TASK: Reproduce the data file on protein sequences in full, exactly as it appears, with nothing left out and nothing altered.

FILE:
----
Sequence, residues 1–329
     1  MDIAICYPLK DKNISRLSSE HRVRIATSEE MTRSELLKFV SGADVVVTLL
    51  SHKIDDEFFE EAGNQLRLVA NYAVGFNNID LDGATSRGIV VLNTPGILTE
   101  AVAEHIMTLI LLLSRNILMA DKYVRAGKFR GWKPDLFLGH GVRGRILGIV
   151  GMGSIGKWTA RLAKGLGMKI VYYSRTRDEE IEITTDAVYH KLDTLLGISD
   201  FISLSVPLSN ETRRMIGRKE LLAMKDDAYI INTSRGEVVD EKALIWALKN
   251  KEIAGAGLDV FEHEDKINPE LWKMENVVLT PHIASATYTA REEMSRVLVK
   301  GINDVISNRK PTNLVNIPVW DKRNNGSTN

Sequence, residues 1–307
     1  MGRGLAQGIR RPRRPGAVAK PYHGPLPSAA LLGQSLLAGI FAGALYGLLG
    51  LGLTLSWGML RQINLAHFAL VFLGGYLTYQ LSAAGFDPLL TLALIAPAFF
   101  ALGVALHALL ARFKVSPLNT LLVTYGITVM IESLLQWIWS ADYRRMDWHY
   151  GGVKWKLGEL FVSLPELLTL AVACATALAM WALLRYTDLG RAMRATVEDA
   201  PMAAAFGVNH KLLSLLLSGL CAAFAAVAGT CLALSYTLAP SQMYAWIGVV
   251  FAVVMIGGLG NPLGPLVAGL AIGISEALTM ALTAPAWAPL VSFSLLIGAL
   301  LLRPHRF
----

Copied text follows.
Sequence, residues 1–329
     1  MDIAICYPLK DKNISRLSSE HRVRIATSEE MTRSELLKFV SGADVVVTLL
    51  SHKIDDEFFE EAGNQLRLVA NYAVGFNNID LDGATSRGIV VLNTPGILTE
   101  AVAEHIMTLI LLLSRNILMA DKYVRAGKFR GWKPDLFLGH GVRGRILGIV
   151  GMGSIGKWTA RLAKGLGMKI VYYSRTRDEE IEITTDAVYH KLDTLLGISD
   201  FISLSVPLSN ETRRMIGRKE LLAMKDDAYI INTSRGEVVD EKALIWALKN
   251  KEIAGAGLDV FEHEDKINPE LWKMENVVLT PHIASATYTA REEMSRVLVK
   301  GINDVISNRK PTNLVNIPVW DKRNNGSTN

Sequence, residues 1–307
     1  MGRGLAQGIR RPRRPGAVAK PYHGPLPSAA LLGQSLLAGI FAGALYGLLG
    51  LGLTLSWGML RQINLAHFAL VFLGGYLTYQ LSAAGFDPLL TLALIAPAFF
   101  ALGVALHALL ARFKVSPLNT LLVTYGITVM IESLLQWIWS ADYRRMDWHY
   151  GGVKWKLGEL FVSLPELLTL AVACATALAM WALLRYTDLG RAMRATVEDA
   201  PMAAAFGVNH KLLSLLLSGL CAAFAAVAGT CLALSYTLAP SQMYAWIGVV
   251  FAVVMIGGLG NPLGPLVAGL AIGISEALTM ALTAPAWAPL VSFSLLIGAL
   301  LLRPHRF